MCCAMouse Clinic for Cancer and Aging research

Contact details: J.M.M. Jonkers/Gerald de Haan/ Ronald van Os
Plesmanlaan 121 1066 CX Amsterdam

The aging population in developed countries leads to rapid increase in cancer incidence and other aging-related disorders. To accelerate cancer and aging research and to contribute to the theme of ‘healthy aging’, the Netherlands Cancer Institute (NKI) and the European Research Institute for the Biology of Aging (ERIBA) have established a Mouse Clinic for Cancer and Aging research (MCCA). The MCCA will accelerate development of realistic mouse models that will be used for developing new therapies against cancer and aging-related diseases. The goal of the Aging Facility within the MCCA is three-fold. First, the Facility will be able to provide aged mice of several routinely used strains to the research community. Second, the Facility will generate a biobank in which a wide variety of tissues derived from aged mice will be stored and will be made available to the community. Third, investigators that wish to age custom-made genetically modified mice to search for age-dependent phenotypes can use the Facility for aging/lifespan studies

The mouse is an excellent model system for studying the role of genetic and environmental factors in cancer and aging in an intact organism. Studies with genetically engineered mouse models (GEMMs) of human disease have resulted in important breakthroughs in our understanding of the molecular basis of cancer and aging. The Netherlands has a leading position in Europe in the development and use of GEMMs for cancer and aging-related research. To maintain and expand this prominent role, the Netherlands Cancer Institute (NKI) and the European Research Institute for the Biology of Aging (ERIBA) have established as part of the National Roadmap for Large-Scale Research Facilities a Mouse Clinic for Cancer and Aging research (MCCA).
The central mission of the MCCA is to facilitate the development and application of advanced mouse models for cancer and aging research. The MCCA houses three facilities:
• A Transgenic facility for efficient and rapid generation of GEMMs of human cancer and aging syndromes. This facility has established methods for efficient derivation of embryonic stem cell (ESC) lines from existing GEMMs. These so-called GEMM-ESC lines can be used for rapid introduction of additional genetic modifications and on-demand generation of mice with complex genotypes tailored to the needs of cancer and aging-related research. The Transgenic facility has also established methods for rapid generation of novel GEMMs by CRISPR/Cas9-mediated introduction of targeted mutations in zygotes or GEMM-ESC lines.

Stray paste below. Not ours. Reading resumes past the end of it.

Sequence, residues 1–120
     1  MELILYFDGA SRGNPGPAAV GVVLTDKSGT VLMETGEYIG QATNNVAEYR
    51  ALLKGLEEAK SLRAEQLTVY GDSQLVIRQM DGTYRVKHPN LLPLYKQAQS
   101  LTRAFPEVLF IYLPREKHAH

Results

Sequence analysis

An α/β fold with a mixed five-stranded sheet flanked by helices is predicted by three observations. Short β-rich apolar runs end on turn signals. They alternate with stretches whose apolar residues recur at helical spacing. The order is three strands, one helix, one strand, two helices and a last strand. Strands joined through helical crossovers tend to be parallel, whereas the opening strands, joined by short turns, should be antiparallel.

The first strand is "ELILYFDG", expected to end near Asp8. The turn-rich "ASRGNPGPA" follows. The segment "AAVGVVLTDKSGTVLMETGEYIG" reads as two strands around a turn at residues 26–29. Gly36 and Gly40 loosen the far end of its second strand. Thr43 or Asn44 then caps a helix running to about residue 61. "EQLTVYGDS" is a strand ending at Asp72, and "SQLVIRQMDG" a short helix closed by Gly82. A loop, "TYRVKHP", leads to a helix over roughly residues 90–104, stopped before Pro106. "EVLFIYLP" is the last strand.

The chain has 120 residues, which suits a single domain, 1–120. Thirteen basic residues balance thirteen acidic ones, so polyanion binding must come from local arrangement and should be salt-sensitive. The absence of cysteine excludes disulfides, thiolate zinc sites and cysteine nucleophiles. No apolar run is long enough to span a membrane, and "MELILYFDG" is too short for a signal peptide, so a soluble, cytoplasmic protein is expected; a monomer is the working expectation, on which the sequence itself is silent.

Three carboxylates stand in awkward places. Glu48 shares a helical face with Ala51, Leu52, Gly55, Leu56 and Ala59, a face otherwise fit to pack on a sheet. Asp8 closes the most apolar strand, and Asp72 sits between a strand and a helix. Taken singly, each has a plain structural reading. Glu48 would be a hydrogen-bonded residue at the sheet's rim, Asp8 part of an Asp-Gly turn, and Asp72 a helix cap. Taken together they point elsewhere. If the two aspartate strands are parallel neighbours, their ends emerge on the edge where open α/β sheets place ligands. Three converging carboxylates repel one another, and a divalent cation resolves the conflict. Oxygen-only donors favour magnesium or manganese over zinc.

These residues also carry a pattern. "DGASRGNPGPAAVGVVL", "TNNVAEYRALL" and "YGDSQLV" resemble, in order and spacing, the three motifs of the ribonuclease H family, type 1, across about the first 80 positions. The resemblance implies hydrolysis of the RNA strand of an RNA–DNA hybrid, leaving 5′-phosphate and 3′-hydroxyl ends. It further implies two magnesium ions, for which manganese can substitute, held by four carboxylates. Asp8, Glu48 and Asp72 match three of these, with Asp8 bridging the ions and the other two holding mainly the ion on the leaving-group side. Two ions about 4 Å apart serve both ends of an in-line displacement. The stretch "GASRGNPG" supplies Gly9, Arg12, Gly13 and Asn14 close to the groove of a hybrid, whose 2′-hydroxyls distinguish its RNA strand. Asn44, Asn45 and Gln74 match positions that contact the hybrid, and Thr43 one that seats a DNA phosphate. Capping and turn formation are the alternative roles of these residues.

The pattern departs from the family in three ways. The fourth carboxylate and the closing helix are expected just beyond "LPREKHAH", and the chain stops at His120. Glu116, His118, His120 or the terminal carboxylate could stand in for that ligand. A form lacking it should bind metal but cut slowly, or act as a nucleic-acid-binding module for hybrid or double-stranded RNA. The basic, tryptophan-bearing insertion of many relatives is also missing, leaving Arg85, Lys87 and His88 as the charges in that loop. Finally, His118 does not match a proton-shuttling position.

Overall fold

• A Mouse Cancer Clinic for (i) preclinical pharmacological studies with new drugs; (ii) tumor intervention studies, including genetic interventions (using RNA interference or CRISPR/Cas9 technology), radiotherapy, chemotherapy and targeted therapy with small molecules; (iii) imaging of disease development, progression and therapy response in advanced mouse models of human cancer.
• An Aging & Phenotyping facility for (i) age-dependent phenotyping and lifespan studies in wildtype mice and GEMMs; (ii) production and distribution of aged mice from commonly used inbred strains; (iii) biobanking and distribution of tissues from aged mice. The Aging & Phenotyping facility operates in close partnership with Brains-on-Line, a company that performs phenotyping studies for major pharmaceutical companies, and is a strategic partner of the Shared Aging Research Models (ShARM) network for biobanking and distribution of surplus tissues from aged mice to the research community.
The MCCA Mouse Cancer Clinic has been constructed as a negative-barrier unit, allowing external investigators to enter the facility without restrictions. This open-access policy also stimulates interactions between individual research groups from The Netherlands and other European countries. The MCCA is the Dutch national partner of the European INFRAFRONTIER Research Infrastructure. The facilities and services of the MCCA are complementary to those of the other INFRAFRONTIER partners. As such, the MCCA is unique within Europe.
The tissue biobank and the GEMM-ESC technology also result in a reduction and refinement of animal use. The MCCA therefore fulfills three important societal needs: (i) improving the treatment of cancer, (ii) debilitating diseases of elderly and (iii) maximizing the information that can be obtained from experiments with as few animals as possible.

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